Fig. 4
figure 4

Conceptual representation of the applied methodological approach with indication of the analyzed geochemical parameters that were used to identify different properties of the karst groundwater system

Analytical methods

Field sampling was carried out in September 2018 at all locations, except Toplek 4, which was sampled in March 2019 when also Toplek 2 was resampled. Spring water temperature, electrical conductivity (EC) and pH were determined on-site using a Multi 340i multiparameter instrument. Total alkalinity was determined in the field by acidimetric titration, using HCl 0.1 N as titrating agent and methyl orange as indicator. Samples were collected for laboratory analyses to determine water chemistry, stable isotopes, radiocarbon, tritium and dissolved noble gases. Water stable isotope composition, temperature, pH and EC of the three main springs were analyzed more frequently in addition to the main field campaign, when samples for full geochemical analysis were collected. The full list of those measurements is given in the electronic supplementary material (ESM).

Samples for determination of anions were filtered and stored without additional treatment, whereas samples for determination of cations and trace elements were acidified after filtration by addition of suprapure nitric acid. Major anion concentrations were measured on a Metrohm 850 Professional IC, and cations on an Agilent 4100 MP-AES. Major ion charge balance error was less than 5%. Trace element concentrations were measured using Agilent 8800 Triple Quadrupole ICP-MS. Stable isotope analyses of water and DIC were done on an automated GASBENCH II sample preparation device attached to a Thermo Finnigan DeltaPLUS XP mass spectrometer (Vodila et al. 2011). Hydrogen and oxygen isotopes of the water are given as δ2H and δ18O values relative to Vienna Standard Mean Ocean Water (VSMOW), and DIC carbon isotopes are expressed as δ13C values relative to Vienna Pee-Dee Belemnite (VPDB). The precision of the measurements is better than ±0.15‰ for δ18O, ±2‰ for δ2H, and ± 0.08‰ for δ13C. Oxygen and sulfur stable isotope composition of the dissolved SO42− were analyzed with a Thermo Finnigan DeltaPLUS XP mass spectrometer attached to an elemental analyzer (Flash EA). Oxygen and sulfur isotopes of the dissolved SO42− are given as δ18O values relative to VSMOW, and as δ34S values relative to Vienna Canyon Diablo Troilite (VCDT). An individual δ18O and δ34S measurement has a standard deviation (SD) of ±0.3‰ and ± 0.4‰, respectively.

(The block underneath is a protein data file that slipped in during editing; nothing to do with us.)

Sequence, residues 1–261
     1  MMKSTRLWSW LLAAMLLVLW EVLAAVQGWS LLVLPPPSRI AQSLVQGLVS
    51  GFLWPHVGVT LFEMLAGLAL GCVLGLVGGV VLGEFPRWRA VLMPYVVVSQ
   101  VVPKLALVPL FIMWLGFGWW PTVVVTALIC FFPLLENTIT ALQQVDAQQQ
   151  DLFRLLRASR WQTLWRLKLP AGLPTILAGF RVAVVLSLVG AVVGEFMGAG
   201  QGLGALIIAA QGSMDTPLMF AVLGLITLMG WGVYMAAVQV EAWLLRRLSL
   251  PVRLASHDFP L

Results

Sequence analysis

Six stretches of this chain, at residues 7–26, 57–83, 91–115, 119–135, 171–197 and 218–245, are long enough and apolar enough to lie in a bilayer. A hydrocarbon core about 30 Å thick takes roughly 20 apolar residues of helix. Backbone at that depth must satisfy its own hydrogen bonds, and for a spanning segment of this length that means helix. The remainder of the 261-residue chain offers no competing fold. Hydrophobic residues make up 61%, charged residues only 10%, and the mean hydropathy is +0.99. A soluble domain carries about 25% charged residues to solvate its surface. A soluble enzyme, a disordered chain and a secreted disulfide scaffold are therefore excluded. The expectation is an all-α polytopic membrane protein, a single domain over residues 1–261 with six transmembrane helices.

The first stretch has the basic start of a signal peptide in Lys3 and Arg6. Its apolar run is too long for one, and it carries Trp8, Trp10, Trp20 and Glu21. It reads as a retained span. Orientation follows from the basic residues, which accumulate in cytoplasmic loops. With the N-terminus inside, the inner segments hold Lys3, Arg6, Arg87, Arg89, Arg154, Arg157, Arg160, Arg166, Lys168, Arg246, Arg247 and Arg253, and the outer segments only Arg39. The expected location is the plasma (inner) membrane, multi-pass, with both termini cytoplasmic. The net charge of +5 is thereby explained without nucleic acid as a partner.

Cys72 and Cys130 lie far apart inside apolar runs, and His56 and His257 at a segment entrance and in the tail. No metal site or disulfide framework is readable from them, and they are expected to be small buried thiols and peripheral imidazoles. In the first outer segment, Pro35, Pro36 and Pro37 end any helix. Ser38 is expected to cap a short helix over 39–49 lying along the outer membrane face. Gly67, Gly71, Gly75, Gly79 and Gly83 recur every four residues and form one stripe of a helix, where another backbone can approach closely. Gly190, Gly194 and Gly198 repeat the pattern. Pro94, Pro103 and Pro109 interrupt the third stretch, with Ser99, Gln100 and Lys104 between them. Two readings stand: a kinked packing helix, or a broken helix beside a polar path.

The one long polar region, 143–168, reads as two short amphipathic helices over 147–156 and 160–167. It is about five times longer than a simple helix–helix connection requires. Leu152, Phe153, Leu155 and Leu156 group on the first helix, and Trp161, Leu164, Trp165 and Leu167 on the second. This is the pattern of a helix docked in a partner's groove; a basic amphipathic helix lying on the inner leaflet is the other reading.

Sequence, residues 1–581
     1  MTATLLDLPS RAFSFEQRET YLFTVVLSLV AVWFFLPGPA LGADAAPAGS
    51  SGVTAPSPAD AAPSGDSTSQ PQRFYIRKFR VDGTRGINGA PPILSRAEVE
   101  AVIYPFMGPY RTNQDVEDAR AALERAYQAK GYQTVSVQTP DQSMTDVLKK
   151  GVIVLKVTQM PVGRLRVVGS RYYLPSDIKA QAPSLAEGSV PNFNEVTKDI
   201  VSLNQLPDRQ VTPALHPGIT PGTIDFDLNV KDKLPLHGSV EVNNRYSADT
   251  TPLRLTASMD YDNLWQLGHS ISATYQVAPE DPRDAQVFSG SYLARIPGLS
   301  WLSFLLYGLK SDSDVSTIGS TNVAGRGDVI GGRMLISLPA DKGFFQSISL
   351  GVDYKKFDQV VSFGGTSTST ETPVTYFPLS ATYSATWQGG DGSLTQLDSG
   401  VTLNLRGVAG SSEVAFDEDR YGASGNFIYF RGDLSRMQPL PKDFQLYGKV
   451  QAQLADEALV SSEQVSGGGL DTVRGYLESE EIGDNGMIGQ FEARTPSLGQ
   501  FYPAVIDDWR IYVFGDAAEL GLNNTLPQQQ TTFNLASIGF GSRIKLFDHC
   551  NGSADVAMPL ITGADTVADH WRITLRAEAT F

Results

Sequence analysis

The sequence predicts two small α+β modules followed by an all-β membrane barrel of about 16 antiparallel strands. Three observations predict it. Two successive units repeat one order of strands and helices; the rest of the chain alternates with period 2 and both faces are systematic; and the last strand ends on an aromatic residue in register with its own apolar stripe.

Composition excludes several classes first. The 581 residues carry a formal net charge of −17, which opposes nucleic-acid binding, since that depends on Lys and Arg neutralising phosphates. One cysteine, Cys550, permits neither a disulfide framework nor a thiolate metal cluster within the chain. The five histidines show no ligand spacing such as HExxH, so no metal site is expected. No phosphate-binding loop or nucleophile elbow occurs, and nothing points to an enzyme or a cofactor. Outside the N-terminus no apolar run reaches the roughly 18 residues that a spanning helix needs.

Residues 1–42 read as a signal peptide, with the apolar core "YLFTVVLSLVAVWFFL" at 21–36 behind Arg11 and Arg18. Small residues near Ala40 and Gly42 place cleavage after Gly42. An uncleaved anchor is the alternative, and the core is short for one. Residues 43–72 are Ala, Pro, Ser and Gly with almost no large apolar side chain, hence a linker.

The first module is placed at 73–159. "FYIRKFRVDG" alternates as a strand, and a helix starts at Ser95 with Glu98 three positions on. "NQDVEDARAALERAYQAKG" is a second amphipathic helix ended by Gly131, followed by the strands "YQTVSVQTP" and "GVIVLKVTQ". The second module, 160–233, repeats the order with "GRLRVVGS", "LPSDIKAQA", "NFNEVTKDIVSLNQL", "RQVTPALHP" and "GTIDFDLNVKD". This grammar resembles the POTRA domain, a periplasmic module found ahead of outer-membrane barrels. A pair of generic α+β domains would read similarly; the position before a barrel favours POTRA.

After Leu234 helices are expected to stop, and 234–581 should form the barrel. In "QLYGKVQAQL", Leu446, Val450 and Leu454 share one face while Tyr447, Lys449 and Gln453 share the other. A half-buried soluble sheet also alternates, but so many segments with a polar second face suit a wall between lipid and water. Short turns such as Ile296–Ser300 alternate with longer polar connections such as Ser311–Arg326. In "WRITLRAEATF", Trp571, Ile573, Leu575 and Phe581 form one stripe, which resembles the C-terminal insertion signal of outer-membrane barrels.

Radiocarbon (14C) analyses of the water samples were done by accelerator mass spectrometry (AMS), following standard procedures (Molnár et al. 2013a), on an EnvironMICADAS 14C AMS facility (Molnár et al. 2013b). The DIC fraction of the water samples was extracted by acid (85% H3PO4) reaction in a vacuum-tight reaction vessel. The produced CO2 gas was cleaned and separated along an on-line gas handling system and graphitized by the sealed tube Zn-based graphitization method (Rinyu et al. 2013). Radiocarbon results are expressed in absolute pMC units (percent Modern Carbon). The water samples for dissolved noble gases were stored in copper tubes sealed by stainless-steel pinch-off clamps. Noble gas measurements were performed by a VG5400 (Fisons Instrument) and a Helix SFT (Thermo Scientific) noble gas mass spectrometers (Papp et al. 2012). Noble gas concentrations are given as cubic centimeters of gas at Standard Temperature and Pressure per gram (cm3 STP/g). Tritium (3H) concentration in water was determined using the 3He ingrowth method (Palcsu et al. 2010). Tritium results are expressed as tritium units (TU), with precision of the measurements better than 0.1 TU.

All analytical measurements were done at the Isotope Climatology and Environmental Research Centre, Institute for Nuclear Research, Debrecen, Hungary.

The distribution of aqueous carbon species and saturation indices for aragonite, calcite and dolomite, as well as pCO2, were calculated using PHREEQC Version 3 software (Parkhurst and Appelo 2013). Statistical analyses of chemical parameters were done with IMB SPSS Statistics v.23 using normalized values.

Sources of CO2 and deconvolution of carbon components in DIC

To identify the sources of CO2 the applied approach first separates the amount of carbon contributed to the DIC by dissolution of carbonates (Crock) from the external carbon (Cext), i.e. carbon from CO2 not accounted for by dissolution of carbonate rocks (Chiodini et al. 2000, 2004; Crossey et al. 2009). Crock can be calculated from the water chemistry data, as Crock = Ca2+ + Mg2+ − SO42−, where the amount of Ca and Mg derived from dissolution of carbonate rocks is corrected for dissolution of sulfates (Chiodini et al. 2000). Cext is then calculated as Cext = DIC – Crock. The δ13C of the external carbon can be estimated from the following equation (Chiodini et al. 2000): (δ13Cext × Cext) = (δ13CDIC × DIC) − (δ13Crock × Crock). For δ13Crock the average values of measured samples of the carbonate rocks from the studied aquifers were used (Fig. 5).

Fig. 5
figure 5

Carbon stable isotope composition of the carbonate rocks in the studied aquifers. Open circles – measured values; solid circles – mean values; error bars – 1SD (standard deviation)